Before moving to San Francisco, I had in mind a particular stereotype. I imagined a demographic of people in their late 20s, maybe 30s. In my mind they are single, high income, childless, working in tech, doing yoga on the daily. None of these things are bad, they’re just somewhat different than my demographic.
Back then, I was trying to prepare to be around people who are in very different life situations than me, trying to imagine ways to connect, relate, encourage, challenge, unite. I imagined the stereotype in order to foster some kind of empathy-the kind I knew I’d probably need at certain moments. Like today.
Fast forward to now. That stereotype can sometimes prove itself to be true. Today, as my wife was sick and overwhelmed [she’s 38 weeks pregnant with our second child], Silas [19 months] and I ventured down to the gym in the lowest level of our building. He likes to explore and wave to people working out.
He was looking up at a woman doing her elliptical routine when it happened.
My toddler and I were shamed.
With headphones still in, she looked down at Silas [who was smiling and waving at her] then back at me. If looks could kill, Silas and I would both be mortally wounded or dead. She gave us both the look that said, “what the h*!! are you doing in here?”
The look was rendered complete with comprehensive hand motions.
True, I suppose I could have held his hand for every second of our time downstairs. But to me, there was no harm in letting Silas walk around and wave/smile at the other sweaty denizens of the underground workout room.
In those moments, I thought of lots of angry things to say to the angry elliptical lady. Part of me was sad, too, that she could respond so harshly toward an innocent toddler and young dad when all we were doing is occupying space and going about an average day.
I left early, a bit defeated, and decided to trade in my 5 minutes on the stair stepper machine for a 16 floor hike [with Silas] back to our apartment. And now, arriving back in my daily haunt, I’m struck with how God is inviting me to grow into a more spacious and grace-filled kind of life. It’s daunting to even consider publishing how humbling the whole gym experience was, but I’m convinced it’s in those moments that growth happens.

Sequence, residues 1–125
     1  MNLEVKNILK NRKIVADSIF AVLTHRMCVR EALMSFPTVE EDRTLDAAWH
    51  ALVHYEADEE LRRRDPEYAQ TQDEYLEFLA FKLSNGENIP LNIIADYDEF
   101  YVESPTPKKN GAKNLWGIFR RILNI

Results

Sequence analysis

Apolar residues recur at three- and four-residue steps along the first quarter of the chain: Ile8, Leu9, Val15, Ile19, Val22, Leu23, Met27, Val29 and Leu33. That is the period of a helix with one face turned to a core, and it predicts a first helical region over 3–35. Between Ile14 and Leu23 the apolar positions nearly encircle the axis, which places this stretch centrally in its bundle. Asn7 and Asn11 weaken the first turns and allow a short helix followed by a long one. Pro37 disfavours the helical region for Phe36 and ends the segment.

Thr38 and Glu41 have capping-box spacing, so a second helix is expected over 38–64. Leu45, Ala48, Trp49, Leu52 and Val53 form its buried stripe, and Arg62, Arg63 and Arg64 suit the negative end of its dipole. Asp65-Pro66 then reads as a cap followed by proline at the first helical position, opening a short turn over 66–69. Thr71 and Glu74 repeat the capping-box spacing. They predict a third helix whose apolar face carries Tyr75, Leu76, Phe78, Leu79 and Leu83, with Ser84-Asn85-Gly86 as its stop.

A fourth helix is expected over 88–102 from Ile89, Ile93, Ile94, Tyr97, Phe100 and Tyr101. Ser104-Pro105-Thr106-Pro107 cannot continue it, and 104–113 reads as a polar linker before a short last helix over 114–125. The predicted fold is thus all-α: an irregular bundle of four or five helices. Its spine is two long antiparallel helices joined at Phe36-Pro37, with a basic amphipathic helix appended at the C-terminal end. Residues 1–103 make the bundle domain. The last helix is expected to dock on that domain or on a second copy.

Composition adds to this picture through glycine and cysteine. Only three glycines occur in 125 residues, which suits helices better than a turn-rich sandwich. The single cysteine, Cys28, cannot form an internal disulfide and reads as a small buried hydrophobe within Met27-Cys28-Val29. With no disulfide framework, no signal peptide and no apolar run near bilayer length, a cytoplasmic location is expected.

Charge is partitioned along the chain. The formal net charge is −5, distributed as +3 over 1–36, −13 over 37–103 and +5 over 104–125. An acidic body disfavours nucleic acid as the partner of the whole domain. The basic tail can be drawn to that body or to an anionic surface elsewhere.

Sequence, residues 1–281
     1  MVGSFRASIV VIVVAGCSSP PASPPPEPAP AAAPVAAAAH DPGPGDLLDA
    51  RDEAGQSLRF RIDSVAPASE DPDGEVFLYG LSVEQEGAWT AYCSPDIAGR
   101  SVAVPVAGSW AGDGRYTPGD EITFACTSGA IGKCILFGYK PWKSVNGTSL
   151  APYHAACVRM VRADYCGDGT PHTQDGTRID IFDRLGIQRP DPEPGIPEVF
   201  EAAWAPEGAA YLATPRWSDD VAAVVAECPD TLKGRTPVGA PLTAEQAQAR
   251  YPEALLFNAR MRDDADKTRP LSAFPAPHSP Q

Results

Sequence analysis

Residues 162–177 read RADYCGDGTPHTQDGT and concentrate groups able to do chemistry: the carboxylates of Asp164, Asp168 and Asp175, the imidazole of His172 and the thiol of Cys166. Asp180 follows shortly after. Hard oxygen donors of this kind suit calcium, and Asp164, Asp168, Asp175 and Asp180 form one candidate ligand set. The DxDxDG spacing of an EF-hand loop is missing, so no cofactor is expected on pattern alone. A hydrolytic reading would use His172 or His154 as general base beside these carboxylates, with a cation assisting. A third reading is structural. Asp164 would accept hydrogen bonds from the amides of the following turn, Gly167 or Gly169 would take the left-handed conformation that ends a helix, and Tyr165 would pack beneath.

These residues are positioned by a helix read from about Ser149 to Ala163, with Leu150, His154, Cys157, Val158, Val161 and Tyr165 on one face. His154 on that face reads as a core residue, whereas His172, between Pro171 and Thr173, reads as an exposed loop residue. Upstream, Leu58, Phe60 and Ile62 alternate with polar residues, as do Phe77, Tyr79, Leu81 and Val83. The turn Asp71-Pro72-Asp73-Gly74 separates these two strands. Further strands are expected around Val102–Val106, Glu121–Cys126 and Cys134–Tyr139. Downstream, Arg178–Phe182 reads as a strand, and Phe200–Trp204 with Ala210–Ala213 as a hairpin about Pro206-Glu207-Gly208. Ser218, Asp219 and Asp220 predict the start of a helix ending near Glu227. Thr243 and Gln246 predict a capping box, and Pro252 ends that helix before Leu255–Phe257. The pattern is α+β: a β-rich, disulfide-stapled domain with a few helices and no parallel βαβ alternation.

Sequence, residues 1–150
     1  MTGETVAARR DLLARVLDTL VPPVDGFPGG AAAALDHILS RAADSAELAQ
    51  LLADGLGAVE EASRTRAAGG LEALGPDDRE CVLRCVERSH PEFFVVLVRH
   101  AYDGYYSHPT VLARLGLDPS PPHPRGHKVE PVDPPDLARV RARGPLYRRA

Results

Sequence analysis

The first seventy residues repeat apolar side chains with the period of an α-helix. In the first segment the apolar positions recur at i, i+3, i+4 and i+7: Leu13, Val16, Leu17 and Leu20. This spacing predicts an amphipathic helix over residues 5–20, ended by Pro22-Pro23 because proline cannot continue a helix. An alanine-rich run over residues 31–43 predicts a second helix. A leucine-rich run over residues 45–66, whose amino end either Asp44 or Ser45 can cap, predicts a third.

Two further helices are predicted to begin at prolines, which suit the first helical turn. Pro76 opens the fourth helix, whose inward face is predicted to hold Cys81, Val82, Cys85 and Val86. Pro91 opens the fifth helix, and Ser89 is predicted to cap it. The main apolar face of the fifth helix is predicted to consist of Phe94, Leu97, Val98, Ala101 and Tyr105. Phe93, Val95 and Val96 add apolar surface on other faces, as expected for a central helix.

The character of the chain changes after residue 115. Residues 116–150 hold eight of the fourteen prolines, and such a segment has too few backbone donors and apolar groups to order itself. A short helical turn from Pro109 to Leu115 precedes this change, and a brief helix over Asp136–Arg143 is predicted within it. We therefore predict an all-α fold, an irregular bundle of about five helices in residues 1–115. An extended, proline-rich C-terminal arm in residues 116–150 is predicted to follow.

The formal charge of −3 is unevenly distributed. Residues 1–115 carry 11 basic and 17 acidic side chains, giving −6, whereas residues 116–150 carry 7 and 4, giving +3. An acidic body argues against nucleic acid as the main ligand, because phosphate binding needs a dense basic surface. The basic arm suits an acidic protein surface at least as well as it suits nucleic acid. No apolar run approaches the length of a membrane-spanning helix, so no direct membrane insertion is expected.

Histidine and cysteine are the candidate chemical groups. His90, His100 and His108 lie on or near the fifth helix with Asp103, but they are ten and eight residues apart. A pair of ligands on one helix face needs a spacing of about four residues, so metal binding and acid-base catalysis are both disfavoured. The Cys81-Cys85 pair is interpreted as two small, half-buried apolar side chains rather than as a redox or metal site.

Only yesterday I listened to Fred Harrell preach at our church on Luke 7:36-50, the story of the woman who anoints Jesus’s feet with perfume and tears, then dries them with her hair. In the story, there is a stark contrast between the judgmental attitude of Simon, the Pharisee, and the deep gratefulness of the woman for the person of Jesus. Convinced Jesus means something to her and to the world, she gives up everything-dignity, financial security, and a good hair day-to honor him.
Amidst the interactions, Jesus tells a story, a parable about two people who were forgiven very different amounts of money. One was forgiven a debt of 50 coins, the other 500. Jesus then asks, “which person will love the banker more?” Simon, the Pharisee who was struggling with judgmental incredulity, responds: “I think it would be the one who owed him the most money.
Back to being shamed at the gym.
As I think about the experience, I’m reminded that God has been pretty good to me. I relate more to the one who was forgiven 500 coins than to the one who was forgiven just 50. He forgives me everyday when I have bad thoughts toward others, when I speak harshly, when I fail to recognize and treat others like image-bearers of God. And, on top of that, I have a great family, a solid marriage, family, friends, money in the bank, a place to live.
Who am I not to extend grace to the angry elliptical lady?
My faith calls me to put down my *rights* and extend grace. But it also equips me to do so. It is only in discovering the depth of God’s grace for me that I can authentically extend it to other people. I am not an endless pool of kindness and generosity. And, quite frankly, I’m still working on how to go about extending grace to the angry elliptical lady. I’m still trying to imagine what is difficult in her life, what is challenging to endure, what prompts her frustration. I’m convinced she has a story to tell that contains loss and difficulty. Throughout the meditations within me, one thing is for sure: I know the source of grace is Jesus.
God caught the world by surprise with his Son, Jesus. He caught Simon the Pharisee by surprise when he forgives the sinful woman who washed his feet with her tears and dried them with her hair. He caught the people of Jerusalem by surprise when he came back from the dead.
And now, God is catching me by surprise by forgiving my feelings of ill-will toward the angry elliptical lady.
2 thoughts on “Shamed at the Gym”
We all need grace and less of quick judgements and stereotypes. Grace gives us all hope and hope rises anew in every sunrise when we have a chance to be more like Christ. The world is a battle field and we are all in it even though we don’t always like to admit it.
Good stuff, B
Sent from my iPhone